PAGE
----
2011 Orioles Retrospective: Chris Davis

While Tommy Hunter was probably the main piece coming to Baltimore in the Koji Uehara trade, the O’s also picked up corner infielder Chris Davis in the deal. While taking a flier on a guy with some potential who’s blocked on his current club is exactly what a team in the Orioles’ position should be doing, acquiring them via minor league deals or in trades for mediocre relievers (as opposed to very good ones who could have brought back actual prospects instead – yes, I’m still a little bitter about the deal) would be the way to go.

Davis hit .250/.296/.408 for Texas in 81 PA before being traded, and though his numbers were better for the O’s (.276/.310/.398 in 129 PA), that isn’t saying much. An overall line of .266/.305/.402 isn’t good in general, bad for a first-baseman, terrible for a poor defensive first-baseman (-3 runs, along with another -3 at third), and embarrassing for a poor defensive first-baseman who also has a .366 BABIP to help him out.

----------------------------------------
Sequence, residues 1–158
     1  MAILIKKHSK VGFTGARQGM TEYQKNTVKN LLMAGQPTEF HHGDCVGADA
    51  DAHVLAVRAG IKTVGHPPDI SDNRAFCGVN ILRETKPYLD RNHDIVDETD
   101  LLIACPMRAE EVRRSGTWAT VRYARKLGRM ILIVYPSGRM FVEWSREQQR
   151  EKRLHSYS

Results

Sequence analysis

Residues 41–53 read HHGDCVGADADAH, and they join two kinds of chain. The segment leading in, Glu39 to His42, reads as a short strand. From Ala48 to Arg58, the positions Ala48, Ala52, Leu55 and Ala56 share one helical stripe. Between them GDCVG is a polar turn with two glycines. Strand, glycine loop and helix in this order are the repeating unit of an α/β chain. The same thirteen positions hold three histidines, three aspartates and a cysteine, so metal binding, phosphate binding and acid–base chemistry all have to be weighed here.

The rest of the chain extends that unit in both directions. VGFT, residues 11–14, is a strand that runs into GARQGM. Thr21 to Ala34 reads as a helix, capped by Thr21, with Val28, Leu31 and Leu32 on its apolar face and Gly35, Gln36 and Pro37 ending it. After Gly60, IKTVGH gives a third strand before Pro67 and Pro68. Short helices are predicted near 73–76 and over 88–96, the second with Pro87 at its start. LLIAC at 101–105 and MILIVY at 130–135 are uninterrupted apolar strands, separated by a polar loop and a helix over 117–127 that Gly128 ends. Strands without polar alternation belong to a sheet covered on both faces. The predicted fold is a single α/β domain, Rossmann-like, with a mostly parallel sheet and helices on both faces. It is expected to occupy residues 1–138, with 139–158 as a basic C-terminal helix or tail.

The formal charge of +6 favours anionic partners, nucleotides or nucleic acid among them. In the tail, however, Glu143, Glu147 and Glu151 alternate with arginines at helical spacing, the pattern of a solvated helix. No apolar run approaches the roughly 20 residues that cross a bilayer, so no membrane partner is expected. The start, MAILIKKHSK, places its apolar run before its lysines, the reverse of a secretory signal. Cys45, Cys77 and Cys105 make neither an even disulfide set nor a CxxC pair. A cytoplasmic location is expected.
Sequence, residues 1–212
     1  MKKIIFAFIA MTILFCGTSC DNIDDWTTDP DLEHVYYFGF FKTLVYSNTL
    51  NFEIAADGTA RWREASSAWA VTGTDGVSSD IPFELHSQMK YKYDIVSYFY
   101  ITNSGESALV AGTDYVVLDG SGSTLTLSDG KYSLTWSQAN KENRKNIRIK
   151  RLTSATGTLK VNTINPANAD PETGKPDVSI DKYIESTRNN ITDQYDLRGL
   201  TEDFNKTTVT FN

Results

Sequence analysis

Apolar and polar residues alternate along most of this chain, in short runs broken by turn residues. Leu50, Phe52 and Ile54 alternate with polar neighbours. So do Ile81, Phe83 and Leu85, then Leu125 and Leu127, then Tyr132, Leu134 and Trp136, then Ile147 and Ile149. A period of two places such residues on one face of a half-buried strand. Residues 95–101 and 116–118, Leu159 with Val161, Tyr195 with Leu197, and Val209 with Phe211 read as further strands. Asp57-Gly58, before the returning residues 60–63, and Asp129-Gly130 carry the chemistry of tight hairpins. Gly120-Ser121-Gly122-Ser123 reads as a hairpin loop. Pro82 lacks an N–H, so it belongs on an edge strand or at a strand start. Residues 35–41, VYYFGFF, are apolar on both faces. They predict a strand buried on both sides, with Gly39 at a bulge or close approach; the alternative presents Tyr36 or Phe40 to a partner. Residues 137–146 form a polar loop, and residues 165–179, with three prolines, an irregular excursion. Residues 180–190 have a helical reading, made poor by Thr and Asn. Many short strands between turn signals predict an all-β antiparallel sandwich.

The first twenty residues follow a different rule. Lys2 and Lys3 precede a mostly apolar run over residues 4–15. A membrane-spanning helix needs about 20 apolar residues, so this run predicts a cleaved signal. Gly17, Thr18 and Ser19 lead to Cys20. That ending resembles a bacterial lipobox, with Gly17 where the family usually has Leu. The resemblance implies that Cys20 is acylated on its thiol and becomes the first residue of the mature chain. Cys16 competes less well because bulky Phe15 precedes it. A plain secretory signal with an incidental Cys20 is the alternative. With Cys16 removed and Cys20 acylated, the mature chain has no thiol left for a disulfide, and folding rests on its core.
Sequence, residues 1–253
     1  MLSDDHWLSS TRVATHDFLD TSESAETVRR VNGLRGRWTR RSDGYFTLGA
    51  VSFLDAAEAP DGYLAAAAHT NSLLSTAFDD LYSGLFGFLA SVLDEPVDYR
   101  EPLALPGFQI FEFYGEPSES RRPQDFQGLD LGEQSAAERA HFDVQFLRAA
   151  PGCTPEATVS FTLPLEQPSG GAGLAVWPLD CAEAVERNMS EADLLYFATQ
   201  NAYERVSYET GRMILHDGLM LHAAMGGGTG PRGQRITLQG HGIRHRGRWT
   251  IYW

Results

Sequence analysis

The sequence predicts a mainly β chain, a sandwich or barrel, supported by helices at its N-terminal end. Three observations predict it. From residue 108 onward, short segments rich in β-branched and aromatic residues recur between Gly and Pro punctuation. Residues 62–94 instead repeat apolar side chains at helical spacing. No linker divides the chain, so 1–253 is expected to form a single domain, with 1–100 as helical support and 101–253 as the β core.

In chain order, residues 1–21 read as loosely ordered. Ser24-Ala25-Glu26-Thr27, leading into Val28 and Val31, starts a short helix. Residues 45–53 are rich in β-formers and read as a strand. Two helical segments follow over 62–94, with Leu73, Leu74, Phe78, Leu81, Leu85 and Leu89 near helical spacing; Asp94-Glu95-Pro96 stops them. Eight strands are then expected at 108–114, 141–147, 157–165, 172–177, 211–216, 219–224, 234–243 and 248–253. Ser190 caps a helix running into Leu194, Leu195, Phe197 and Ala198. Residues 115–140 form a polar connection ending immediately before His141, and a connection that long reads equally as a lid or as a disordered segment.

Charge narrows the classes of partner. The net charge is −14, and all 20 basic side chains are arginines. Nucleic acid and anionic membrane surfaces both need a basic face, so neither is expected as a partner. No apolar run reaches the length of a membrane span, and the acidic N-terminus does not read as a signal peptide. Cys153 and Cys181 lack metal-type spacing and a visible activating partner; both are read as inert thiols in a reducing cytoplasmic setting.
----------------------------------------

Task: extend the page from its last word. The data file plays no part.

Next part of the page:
Not that any of that is really new; Davis has a bad approach at the plate (unlike Mark Reynolds, who also has awful contact skills (even worse than Davis’), he is prone to expanding the strike-zone), and won’t do nearly enough damage even when he puts the bat on the ball to make up for it (his career rate of homers per 600 PA is about 24, which is solid – unless you bring literally nothing else to the table).

It sounds like Davis will be competing for a corner infield spot in 2012, and that the team would prefer to play him at third to get Reynolds over to first. I’m not sure how much sense that makes, since even though Reynolds is awful at third (around -11 runs career per season according to the various defensive metrics) he also appears to be awful at first (much smaller sample size, but around -22 runs per season); having no range turns out to be an issue at multiple positions. Davis, on the other hand, has much better numbers at first (-5 runs per season, versus -30 runs per season at third – in many fewer games). Given that, it would seem that the least bad (though still very bad) alignment would have Davis at first and Reynolds at third. Or, really, Reynolds at DH, Davis at first, and Matt Antonelli at third.